My website, MyGiorgione, now includes my interpretations of Giorgione's "Tempest" as "The Rest on the Flight into Egypt"; his "Three Ages of Man" as "The Encounter of Jesus with the Rich Young Man"; Titian's, "Sacred and Profane Love" as "The Conversion of Mary Magdalen"; and Titian's "Pastoral Concert" as his "Homage to Giorgione".

Thursday, December 27, 2018

Giorgione: Year End Review 2018


Back in 2005 I discovered that Giorgione’s Tempest had a “sacred subject”: The Rest of the Holy Family on the Flight into Egypt. In May, 2006 a short interpretive essay appeared in the Masterpiece section of the Wall Street Journal. In 2010 I presented a full paper on the subject at the annual meeting of the Renaissance Society of America held in Venice that year on the five hundredth anniversary of Giorgione’s death.


Incredibly, the Tempest discovery led to a number of other discoveries that indicated that many of the most mysterious paintings of the Renaissance also had “sacred subjects”. In 2010 after failing to get any interest from academic publishers, I decided to publish my work on a website, MyGiorgione. I also began to use   Giorgione et al… for more informal articles on Giorgione and others. 
This year I have reprised about 20 of these articles. In the first half of the year I concentrated on different aspects of the Tempest itself like the Man and the Woman whom I had identified as the St. Joseph and the nursing Madonna. I also included essays on the broken columns, the solitary bird on the roof, and the storm in the background. I even reprised my essay on the pentimenti.
I used the summer for some posts on background issues like Venetian humanism but in the fall I reworked a series of earlier posts on other Giorgione paintings. Here is a brief listing.


                                         
Judith:This painting of the Jewish heroine Judith with her bare leg atop the head of the defeated enemy general Holofernes is regarded as a ground breaking work. In a September 9 blog post I discussed the reason why Giorgione might have bared the leg of the victorious Jewish heroine.



Homage to a Poet:In a September 28 post I revisited my interpretation of this mysterious painting that has been called any number of things. I still believe that it should be regarded as Giorgione’s version of the Man of Sorrows, an extremely popular sacred subject of the time.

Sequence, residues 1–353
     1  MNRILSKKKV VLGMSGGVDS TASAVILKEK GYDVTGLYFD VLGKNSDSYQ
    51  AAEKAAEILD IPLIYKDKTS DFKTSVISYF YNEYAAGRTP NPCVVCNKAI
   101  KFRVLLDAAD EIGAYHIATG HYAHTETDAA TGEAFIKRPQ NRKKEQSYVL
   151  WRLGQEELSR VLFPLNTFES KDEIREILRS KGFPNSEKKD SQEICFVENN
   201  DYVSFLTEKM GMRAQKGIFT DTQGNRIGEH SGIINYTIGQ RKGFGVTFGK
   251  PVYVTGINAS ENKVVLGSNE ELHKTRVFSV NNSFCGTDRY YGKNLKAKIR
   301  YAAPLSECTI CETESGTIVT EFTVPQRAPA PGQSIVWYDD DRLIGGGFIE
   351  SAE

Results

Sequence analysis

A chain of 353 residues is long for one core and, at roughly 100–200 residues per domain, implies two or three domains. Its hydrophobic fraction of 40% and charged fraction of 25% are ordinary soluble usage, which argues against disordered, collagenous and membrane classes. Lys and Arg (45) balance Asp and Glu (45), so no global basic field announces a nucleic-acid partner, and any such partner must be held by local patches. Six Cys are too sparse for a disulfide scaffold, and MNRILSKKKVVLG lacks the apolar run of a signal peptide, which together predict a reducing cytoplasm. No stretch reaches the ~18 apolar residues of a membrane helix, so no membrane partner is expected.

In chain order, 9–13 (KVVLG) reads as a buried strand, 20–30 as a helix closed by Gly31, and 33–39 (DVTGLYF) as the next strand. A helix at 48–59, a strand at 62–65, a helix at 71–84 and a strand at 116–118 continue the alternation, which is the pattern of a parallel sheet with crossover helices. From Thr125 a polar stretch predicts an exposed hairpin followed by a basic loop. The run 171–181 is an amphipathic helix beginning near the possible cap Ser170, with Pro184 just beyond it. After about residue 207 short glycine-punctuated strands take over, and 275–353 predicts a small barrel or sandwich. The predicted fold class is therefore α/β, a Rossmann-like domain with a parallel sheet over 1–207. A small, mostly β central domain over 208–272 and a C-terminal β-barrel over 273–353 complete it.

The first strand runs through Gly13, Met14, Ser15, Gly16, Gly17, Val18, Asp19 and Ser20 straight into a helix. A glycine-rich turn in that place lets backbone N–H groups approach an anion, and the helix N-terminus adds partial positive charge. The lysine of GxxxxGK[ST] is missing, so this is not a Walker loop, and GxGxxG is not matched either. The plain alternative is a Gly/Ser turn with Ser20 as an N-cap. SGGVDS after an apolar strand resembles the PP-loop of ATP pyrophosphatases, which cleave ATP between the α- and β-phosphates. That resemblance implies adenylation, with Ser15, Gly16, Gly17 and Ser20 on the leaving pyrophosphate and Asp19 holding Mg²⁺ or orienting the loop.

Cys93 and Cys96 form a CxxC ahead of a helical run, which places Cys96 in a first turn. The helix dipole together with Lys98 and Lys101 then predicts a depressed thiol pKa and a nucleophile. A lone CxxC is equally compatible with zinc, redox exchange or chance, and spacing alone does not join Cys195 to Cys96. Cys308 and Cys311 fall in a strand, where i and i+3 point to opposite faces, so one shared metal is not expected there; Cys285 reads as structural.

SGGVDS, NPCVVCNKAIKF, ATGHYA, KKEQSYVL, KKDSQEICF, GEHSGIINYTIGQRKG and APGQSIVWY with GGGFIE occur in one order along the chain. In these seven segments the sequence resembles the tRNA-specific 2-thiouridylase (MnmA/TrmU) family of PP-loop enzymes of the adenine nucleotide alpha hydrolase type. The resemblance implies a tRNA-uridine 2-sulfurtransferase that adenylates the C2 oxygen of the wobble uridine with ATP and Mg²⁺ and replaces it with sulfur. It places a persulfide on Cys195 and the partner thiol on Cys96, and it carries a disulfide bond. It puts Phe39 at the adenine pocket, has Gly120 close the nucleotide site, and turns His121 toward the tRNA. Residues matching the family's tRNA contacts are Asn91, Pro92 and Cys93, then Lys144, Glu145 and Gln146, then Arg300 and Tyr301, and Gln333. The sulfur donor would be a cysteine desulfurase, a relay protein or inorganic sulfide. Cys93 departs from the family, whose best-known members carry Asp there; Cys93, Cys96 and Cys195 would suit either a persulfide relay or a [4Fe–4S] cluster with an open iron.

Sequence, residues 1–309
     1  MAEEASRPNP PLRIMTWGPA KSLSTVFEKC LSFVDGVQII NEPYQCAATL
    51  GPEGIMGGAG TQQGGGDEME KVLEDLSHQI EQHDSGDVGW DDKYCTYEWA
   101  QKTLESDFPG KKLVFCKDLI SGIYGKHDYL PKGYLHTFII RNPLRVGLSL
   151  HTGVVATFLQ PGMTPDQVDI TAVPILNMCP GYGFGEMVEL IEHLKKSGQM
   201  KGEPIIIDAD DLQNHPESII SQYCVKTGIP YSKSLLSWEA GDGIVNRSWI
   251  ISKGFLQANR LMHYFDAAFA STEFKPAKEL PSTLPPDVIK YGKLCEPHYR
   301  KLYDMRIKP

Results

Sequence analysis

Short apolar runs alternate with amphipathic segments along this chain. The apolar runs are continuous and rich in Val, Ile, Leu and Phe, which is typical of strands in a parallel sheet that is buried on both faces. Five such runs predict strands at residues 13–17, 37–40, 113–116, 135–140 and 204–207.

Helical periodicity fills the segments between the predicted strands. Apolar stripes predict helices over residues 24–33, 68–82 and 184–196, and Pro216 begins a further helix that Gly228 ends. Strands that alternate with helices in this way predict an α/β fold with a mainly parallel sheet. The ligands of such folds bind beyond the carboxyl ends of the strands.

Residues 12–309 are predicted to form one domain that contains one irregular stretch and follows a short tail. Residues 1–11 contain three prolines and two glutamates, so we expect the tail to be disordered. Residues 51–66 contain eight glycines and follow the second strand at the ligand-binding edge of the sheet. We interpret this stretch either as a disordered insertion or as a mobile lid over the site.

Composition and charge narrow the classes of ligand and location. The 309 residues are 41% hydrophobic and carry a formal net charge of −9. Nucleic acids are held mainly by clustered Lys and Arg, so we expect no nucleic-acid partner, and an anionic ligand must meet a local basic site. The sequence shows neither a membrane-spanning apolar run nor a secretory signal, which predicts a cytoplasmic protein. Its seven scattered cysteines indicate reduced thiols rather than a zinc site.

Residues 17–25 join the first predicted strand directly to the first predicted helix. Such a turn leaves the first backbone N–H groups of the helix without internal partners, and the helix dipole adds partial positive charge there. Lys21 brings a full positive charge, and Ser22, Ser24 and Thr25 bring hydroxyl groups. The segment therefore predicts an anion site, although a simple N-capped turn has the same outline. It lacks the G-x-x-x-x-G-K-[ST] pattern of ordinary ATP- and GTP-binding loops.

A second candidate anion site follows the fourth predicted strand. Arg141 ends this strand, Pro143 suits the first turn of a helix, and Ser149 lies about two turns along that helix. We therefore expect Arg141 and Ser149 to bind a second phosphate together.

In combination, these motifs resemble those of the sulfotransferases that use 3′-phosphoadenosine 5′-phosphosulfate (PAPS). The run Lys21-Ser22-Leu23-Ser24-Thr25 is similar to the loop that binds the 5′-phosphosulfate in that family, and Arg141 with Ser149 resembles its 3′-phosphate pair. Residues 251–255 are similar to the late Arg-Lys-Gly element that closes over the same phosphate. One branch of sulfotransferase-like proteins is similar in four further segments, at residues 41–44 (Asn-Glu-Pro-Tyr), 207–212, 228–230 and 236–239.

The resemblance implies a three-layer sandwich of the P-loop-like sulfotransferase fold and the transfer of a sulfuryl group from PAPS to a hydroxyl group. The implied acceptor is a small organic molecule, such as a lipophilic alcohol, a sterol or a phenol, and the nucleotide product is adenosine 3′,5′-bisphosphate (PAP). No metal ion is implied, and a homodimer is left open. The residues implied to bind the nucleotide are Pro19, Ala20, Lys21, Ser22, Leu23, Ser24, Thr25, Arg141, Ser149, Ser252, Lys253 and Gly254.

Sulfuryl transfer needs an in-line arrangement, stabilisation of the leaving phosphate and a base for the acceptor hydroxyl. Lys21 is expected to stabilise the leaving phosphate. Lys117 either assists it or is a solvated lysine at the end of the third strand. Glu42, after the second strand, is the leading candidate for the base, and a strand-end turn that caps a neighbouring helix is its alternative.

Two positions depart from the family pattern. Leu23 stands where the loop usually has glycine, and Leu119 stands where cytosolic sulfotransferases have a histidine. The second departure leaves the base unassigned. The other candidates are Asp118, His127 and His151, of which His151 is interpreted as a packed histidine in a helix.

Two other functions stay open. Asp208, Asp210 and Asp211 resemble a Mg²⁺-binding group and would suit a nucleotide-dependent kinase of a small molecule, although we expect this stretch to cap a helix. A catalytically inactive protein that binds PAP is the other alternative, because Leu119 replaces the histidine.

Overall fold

Three Ages of Man:  On October 14 I once again offered my interpretation of this painting as The Encounter of Jesus with the Rich Young Man. Most scholars can’t see it but ordinary Catholics easily identify the man on the right in green as Jesus and the young man in the middle as the wealthy young man of the gospel account. The man in red must then be St. Peter the only other individual mentioned in St. Matthew's account.



Boy with an Arrow: In an October 28 post, I offered my reasons for identifying this painting as Giorgione’s version of St. Sebastian.The painting is remarkably similar to a depiction of the saint by Raphael but Giorgione characteristically removed obvious iconographical details like the halo. Instead, he used one simple arrow, the color of the young man’s tunic, and the angelic face to recall the martyr.



The Three Philosophers: On November 16 I again agreed with those who see the Magi in this famous painting. It now hangs in Vienna’s Kunsthistorisches Museum alongside the Boy with an Arrow, and the Laura. My own contribution to the debate over this painting was to suggest that Giorgione used the colors of the garments of the three men to symbolize the gifts they presented.



Laura: On November 24 I once again argued that this painting represents Mary Magdalen. Scholars have been puzzled by this painting because of details indicating a chaste wife on one hand, and a courtesan on the other. Only Mary Magdalen fits that description in the Venetian Renaissance.



Adoration of the Shepherds:  Finally, on December 13 I reproduced my post on Giorgione’s Adoration of the Shepherds. This painting is obviously a sacred subject but I believe that most scholars have failed to see the deep Eucharistic symbolism in this painting with the infant Jesus lying on the ground as Venetians believed he lay on the altar during the Sacrifice of the Mass.


Kunsthistorisches Museum, Vienna
photo courtesy of David Orme

Is it a coincidence that these four last paintings hang next to each other in Vienna’s Kunsthistorisches Museum? What if they all are sacred subjects? What does that tell us about Giorgione? What does that tell us about the Venetian renaissance? What does that tell us about the direction of future scholarship? ###

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